President of Singapore, Tony Tan. Photo: Associated Press/Bob Edme
Nine individuals from the public and private sectors have been appointed to a Constitutional Commission that will review aspects of the Elected Presidency.
They will look at the qualifying process for Presidential candidates and whether the eligibility criteria should be updated, whether the powers of the Council of Presidential Advisers should be beefed up and recommendations to ensure minority candidates can be periodically elected as President, said the Prime Minister’s Office on Wednesday (10 Feb), according to media reports.
The Commission will be chaired by Chief Justice Sundaresh Menon. Other members of the Commission include former Speaker Abdullah Tarmugi, Public Service Commission chairman Eddie Teo, DBS Bank chairman Peter Seah and chairman of the Lee Kuan Yew Centre for Innovative Cities, Professor Chan Heng Chee.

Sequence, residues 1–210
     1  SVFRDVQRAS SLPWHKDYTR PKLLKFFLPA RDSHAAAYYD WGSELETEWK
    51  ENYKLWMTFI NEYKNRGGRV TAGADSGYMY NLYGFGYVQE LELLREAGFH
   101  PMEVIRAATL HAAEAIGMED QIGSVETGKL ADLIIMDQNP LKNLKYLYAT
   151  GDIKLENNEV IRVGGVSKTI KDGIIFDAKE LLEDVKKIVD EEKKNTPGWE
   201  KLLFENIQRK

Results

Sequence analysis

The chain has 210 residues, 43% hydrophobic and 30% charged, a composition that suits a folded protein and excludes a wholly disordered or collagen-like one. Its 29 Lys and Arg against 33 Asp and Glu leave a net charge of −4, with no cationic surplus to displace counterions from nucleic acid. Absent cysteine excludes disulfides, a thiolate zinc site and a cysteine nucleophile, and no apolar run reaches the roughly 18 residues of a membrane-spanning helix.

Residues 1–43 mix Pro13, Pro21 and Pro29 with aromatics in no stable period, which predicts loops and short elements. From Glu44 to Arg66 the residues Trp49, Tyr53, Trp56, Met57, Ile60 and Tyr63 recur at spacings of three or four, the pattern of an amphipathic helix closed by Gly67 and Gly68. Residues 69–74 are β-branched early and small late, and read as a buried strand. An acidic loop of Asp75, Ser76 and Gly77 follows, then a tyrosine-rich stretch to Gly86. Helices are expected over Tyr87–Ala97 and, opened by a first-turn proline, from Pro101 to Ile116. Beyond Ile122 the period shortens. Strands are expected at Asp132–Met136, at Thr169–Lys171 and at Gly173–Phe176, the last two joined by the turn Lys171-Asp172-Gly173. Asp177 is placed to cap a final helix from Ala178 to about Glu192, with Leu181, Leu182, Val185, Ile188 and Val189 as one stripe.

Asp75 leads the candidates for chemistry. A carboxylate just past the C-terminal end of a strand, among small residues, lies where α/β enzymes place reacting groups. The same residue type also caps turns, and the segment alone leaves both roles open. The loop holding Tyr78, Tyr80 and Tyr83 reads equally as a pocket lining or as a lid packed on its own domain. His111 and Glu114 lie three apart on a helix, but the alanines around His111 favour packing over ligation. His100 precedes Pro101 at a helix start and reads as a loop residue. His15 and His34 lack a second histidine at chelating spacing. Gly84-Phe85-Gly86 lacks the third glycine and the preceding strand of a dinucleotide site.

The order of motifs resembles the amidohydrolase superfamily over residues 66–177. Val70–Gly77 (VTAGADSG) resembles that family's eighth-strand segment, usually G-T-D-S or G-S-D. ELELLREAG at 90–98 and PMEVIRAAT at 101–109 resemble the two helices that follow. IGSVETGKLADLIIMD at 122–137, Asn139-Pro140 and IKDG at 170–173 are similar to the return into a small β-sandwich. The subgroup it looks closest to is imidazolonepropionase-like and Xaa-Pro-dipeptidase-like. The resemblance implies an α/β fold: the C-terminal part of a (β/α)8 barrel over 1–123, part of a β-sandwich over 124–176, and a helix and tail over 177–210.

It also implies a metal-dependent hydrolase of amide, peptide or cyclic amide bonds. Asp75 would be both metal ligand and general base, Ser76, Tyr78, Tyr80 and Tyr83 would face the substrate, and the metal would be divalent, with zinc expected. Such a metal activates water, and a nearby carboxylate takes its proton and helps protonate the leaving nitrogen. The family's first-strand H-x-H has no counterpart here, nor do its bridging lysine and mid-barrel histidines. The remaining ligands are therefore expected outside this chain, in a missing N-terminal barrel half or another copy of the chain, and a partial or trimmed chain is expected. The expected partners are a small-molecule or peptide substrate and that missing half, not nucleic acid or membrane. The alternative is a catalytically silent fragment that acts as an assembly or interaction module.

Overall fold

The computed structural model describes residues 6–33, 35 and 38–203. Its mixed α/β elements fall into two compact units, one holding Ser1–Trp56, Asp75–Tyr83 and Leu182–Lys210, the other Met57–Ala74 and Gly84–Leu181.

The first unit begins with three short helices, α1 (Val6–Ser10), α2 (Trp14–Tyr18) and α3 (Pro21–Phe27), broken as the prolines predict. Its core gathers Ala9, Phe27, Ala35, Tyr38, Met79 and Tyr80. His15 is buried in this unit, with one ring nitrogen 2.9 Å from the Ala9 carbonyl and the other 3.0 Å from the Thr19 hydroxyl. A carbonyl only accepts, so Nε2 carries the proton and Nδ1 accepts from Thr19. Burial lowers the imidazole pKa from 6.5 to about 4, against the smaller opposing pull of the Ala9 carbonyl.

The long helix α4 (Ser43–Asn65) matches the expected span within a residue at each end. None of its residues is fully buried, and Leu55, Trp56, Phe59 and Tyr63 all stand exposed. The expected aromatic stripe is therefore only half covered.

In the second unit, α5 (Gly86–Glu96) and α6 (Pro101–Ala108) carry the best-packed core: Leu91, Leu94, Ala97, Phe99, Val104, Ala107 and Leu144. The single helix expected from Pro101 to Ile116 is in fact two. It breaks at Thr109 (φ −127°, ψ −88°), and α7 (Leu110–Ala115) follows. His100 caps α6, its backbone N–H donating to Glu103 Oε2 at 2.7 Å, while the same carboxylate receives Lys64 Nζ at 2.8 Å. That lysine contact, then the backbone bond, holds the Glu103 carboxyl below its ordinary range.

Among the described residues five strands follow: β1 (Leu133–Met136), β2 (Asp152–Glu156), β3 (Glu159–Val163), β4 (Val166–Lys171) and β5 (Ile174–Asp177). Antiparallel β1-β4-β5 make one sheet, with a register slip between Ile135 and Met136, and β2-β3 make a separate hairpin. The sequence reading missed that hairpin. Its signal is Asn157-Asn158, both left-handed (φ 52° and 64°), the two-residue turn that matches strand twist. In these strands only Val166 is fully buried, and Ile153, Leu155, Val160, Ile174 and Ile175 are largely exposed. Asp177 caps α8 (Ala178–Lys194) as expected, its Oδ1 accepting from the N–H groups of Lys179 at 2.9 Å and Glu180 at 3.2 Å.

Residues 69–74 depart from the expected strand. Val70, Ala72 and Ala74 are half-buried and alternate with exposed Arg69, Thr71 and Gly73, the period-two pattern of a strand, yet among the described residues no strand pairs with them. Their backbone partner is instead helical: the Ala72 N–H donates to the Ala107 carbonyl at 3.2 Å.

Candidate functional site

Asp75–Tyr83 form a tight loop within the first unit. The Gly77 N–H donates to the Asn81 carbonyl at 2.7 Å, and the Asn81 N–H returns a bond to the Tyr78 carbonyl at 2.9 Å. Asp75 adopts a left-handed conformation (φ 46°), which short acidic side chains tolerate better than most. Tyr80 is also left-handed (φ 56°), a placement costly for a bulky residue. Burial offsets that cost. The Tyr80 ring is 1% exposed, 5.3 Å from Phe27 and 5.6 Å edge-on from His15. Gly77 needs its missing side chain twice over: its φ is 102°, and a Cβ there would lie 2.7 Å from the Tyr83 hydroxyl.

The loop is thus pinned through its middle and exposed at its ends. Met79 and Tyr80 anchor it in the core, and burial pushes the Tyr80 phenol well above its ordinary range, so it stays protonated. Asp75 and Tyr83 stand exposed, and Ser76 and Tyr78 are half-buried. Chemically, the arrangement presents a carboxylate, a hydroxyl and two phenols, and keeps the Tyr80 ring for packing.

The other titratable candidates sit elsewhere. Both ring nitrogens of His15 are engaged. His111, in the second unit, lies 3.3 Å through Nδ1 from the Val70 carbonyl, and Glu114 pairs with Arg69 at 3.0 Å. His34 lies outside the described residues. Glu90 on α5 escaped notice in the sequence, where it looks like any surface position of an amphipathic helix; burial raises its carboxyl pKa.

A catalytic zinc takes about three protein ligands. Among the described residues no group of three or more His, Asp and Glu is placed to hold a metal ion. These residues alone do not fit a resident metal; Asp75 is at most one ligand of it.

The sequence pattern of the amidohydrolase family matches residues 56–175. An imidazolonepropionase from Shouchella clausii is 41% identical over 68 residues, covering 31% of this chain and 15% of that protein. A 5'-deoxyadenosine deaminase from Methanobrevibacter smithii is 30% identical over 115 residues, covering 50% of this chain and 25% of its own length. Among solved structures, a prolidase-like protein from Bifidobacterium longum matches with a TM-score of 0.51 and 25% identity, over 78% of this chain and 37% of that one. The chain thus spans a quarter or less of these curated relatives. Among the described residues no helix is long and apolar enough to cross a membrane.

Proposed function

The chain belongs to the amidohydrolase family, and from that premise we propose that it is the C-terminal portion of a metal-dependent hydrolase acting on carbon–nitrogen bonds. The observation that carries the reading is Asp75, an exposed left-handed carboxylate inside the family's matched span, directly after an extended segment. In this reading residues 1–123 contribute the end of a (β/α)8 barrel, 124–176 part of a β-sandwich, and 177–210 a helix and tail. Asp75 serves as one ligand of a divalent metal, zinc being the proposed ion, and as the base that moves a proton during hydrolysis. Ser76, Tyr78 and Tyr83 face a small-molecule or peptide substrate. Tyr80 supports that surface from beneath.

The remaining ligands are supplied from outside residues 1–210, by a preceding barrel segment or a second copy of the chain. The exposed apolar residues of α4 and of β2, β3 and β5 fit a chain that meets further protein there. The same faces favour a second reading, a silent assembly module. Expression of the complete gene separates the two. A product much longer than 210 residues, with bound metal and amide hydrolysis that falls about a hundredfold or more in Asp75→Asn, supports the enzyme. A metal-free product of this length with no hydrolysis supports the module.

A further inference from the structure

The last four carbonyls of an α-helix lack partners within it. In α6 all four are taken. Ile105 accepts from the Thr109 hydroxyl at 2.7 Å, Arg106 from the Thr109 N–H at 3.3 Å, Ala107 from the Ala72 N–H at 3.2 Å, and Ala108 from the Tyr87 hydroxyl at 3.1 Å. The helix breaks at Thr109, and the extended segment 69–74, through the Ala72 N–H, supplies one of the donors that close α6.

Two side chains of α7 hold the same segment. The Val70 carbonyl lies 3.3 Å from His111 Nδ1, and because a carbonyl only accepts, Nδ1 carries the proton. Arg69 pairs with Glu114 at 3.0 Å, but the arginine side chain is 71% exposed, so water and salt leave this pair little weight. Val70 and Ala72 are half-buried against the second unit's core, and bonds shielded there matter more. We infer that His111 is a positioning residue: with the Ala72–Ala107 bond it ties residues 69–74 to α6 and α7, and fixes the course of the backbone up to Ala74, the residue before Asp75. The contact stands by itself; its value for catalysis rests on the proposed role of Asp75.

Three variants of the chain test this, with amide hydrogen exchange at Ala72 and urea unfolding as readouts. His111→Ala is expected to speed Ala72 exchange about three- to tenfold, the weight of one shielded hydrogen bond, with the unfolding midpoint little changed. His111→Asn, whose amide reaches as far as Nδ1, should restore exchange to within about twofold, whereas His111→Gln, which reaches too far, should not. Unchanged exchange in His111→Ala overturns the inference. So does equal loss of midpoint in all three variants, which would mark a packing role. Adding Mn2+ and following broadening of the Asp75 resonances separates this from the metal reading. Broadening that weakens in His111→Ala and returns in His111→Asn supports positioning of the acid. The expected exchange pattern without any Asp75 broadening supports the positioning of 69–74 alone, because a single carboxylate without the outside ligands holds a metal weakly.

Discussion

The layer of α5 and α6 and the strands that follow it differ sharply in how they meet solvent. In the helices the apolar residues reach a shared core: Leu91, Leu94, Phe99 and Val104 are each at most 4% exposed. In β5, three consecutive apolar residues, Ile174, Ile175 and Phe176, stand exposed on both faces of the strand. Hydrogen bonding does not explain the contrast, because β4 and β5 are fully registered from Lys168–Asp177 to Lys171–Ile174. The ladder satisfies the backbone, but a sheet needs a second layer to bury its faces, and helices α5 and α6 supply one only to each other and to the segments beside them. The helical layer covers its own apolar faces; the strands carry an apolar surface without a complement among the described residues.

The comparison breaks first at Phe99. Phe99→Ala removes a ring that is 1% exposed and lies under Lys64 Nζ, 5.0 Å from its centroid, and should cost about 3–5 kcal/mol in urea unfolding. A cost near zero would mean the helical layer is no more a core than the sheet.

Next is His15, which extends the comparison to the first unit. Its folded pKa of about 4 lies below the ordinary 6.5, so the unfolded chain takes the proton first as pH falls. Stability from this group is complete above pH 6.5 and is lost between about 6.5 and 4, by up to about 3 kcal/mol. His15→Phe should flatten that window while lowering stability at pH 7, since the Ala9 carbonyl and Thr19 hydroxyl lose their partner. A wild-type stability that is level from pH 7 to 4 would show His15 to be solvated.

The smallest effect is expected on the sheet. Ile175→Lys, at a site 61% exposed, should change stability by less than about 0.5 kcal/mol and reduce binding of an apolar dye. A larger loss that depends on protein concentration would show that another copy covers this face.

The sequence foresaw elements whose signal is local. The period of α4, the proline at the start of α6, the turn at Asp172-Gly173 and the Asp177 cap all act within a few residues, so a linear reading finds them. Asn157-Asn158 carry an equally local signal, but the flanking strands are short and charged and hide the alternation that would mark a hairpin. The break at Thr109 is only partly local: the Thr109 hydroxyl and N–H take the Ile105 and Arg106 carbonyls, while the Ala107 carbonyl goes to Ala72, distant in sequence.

In due course, members of the public will also be invited to submit their feedback to the Commission, said the PMO.
Last month, Prime Minister Lee Hsien Loong told Parliament that it was timely to review specific aspects of the elected presidency (EP). He noted that the EP had been instituted in 1990 as a stabiliser in the political system and a “major innovation”.
Seven men have served as Singapore’s President, three of them elected. Ong Teng Cheong, who served from 1993-99, was the first elected president.
S R Nathan served two terms unopposed, from 1999 to 2011.
President Tony Tan Keng Yam was elected in 2011 and will reach the end of his six-year term in 2017.